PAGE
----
F.E.A.R. 2: Project Origin

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F.E.A.R. 2: Project Origin
FEAR 2 Project Origin Game Cover.jpg
Developer(s)Monolith Productions
Publisher(s)Warner Bros. Interactive Entertainment
Composer(s)Nathan Grigg
SeriesF.E.A.R.
EngineLithTech Jupiter EX
Platform(s)
Release
Genre(s)First-person shooter, survival horror
Mode(s)Single-player, multiplayer

F.E.A.R. 2: Project Origin is a first-person shooter survival horror video game, developed by Monolith Productions and published by Warner Bros. Interactive Entertainment for Microsoft Windows, PlayStation 3 and Xbox 360. It is the sequel to F.E.A.R. and is the second game in the F.E.A.R. series. It was released on February 10, 2009, and was made available on Steam two days later.[2] An expansion, F.E.A.R. 2: Reborn, was released on September 3 the same year. On November 15, 2021, Microsoft announced that in celebration of 20 years of Xbox, they would be adding over 70 more games to their backwards compatibility program.[3] Included in these games was the entirety of the F.E.A.R. franchise, which are now available to be purchased and played on Microsoft's Xbox One and Xbox Series X/S Consoles.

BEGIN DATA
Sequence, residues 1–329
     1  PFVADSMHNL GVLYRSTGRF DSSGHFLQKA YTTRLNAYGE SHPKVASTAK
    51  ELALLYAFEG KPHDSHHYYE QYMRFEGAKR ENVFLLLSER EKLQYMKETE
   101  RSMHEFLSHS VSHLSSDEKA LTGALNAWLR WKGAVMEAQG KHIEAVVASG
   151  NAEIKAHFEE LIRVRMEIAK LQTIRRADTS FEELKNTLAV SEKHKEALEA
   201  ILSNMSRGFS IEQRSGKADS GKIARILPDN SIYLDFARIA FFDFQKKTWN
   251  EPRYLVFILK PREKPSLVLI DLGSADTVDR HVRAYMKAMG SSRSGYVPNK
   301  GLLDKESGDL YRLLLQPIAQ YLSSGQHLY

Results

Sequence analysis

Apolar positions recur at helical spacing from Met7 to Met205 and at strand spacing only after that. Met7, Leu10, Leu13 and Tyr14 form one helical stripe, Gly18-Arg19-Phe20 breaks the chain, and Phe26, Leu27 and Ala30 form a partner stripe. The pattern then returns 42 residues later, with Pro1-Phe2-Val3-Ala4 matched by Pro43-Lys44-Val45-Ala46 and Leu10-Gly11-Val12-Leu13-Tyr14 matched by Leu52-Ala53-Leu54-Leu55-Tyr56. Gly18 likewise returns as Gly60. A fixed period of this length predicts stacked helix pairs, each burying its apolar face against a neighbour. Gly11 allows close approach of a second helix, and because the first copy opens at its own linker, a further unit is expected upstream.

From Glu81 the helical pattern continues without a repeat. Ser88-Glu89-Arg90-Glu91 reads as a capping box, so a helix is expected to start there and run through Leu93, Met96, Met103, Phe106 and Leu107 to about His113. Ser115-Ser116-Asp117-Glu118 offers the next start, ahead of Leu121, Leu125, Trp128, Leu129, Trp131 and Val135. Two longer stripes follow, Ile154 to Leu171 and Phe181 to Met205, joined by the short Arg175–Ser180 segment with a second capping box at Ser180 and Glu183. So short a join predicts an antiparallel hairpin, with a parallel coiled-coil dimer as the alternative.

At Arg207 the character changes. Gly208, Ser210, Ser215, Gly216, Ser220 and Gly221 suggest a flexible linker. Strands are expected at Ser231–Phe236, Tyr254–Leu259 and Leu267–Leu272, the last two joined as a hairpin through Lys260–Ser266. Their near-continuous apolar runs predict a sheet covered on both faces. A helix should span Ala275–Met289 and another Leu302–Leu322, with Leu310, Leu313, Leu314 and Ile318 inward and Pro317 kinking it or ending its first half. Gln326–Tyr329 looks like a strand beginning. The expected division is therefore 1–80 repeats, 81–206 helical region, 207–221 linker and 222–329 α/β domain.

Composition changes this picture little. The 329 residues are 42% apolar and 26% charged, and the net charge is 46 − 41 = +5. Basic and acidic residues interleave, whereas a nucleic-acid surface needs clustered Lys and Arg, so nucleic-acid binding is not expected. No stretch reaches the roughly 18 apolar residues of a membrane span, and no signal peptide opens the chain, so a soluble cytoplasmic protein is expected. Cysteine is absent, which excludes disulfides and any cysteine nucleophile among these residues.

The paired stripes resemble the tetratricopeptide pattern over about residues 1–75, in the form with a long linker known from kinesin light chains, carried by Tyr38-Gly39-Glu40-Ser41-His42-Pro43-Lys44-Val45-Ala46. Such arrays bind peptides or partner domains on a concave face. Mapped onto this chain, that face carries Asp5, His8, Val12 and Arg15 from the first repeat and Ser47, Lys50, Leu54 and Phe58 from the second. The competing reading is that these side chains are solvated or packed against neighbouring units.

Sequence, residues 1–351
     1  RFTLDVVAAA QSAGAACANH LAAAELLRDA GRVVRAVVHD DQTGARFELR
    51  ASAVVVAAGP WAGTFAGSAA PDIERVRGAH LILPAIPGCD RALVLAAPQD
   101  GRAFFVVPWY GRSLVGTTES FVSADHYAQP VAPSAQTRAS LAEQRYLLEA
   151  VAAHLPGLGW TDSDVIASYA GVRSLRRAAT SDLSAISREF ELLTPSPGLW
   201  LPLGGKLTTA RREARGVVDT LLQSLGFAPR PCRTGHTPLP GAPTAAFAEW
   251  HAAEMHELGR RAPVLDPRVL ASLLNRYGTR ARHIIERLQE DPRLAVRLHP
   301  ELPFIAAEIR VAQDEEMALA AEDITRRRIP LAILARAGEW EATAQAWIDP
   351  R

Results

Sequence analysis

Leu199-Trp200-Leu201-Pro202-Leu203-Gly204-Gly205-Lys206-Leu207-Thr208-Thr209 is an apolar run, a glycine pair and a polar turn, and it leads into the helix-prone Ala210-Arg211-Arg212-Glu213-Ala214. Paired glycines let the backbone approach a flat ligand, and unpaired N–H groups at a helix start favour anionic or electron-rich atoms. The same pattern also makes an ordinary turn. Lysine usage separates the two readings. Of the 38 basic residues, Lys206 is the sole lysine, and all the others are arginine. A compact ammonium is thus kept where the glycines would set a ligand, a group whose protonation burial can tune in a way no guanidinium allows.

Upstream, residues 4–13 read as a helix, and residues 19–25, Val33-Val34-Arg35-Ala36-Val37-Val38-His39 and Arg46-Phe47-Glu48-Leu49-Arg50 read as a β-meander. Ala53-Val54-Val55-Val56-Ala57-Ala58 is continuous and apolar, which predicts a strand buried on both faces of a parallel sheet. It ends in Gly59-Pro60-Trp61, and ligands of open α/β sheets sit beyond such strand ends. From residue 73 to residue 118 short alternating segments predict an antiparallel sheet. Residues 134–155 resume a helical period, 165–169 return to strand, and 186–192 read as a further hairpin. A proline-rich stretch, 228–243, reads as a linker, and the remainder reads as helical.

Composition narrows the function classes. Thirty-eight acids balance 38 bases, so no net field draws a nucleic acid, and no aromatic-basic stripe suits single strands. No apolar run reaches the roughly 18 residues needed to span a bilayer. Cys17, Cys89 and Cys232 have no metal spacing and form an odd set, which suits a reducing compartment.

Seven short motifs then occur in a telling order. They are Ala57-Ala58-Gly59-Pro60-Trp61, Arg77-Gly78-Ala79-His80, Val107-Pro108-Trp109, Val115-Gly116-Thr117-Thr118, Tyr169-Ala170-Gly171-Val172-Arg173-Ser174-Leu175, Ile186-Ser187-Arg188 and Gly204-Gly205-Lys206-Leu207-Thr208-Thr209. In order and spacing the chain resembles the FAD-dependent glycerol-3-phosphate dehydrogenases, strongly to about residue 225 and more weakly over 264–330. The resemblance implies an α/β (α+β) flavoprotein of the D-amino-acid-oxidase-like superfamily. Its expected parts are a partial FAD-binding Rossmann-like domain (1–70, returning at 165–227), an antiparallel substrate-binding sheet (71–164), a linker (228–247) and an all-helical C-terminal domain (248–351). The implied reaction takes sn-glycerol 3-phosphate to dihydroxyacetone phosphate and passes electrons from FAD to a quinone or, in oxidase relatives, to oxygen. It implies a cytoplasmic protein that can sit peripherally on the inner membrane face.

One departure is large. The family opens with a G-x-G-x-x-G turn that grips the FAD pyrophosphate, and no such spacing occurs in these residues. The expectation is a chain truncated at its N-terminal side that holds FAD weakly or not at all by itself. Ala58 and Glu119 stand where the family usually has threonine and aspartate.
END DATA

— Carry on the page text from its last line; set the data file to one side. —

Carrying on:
Gameplay[edit]

The HUD as seen in this screenshot has been changed from the first FEAR game. Here, Michael Becket examines the map of the Auburn District.

The F.E.A.R. 2 gameplay maintains the core elements from the original, including slo-mo combat, martial arts attacks, and enhanced A.I. The A.I. from the original F.E.A.R. was known for its exploitation of the environments, taking cover behind pillars and knocking down tables, and many of these behaviors have been retained for the sequel. New features in the game include iron sight aiming, creating cover by pushing objects, and the ability to use mechs during vehicle segments. The ability to lean and walk have been removed. Project Origin features a more diverse cast of enemies, as well as more encounters with supernatural enemies.

F.E.A.R. 2 does not allow the player to manually save and features a single save slot that relies on a checkpoint system. However, the game allows the player to replay any level from the main menu after first completing that level.

Background[edit]

The sequel to F.E.A.R. continues the suspense story of the undead psychic Alma Wade, whose rage against those who wronged her causes an escalating paranormal crisis that threatens to devour and replace reality with her own.[4] Instead of playing as the Point Man, the game's protagonist is Michael Becket, a Delta Force operator[5] whose squad is sent in to take Armacham Technology Corporation (ATC) President Genevieve Aristide into protective custody approximately thirty minutes before the ending of F.E.A.R.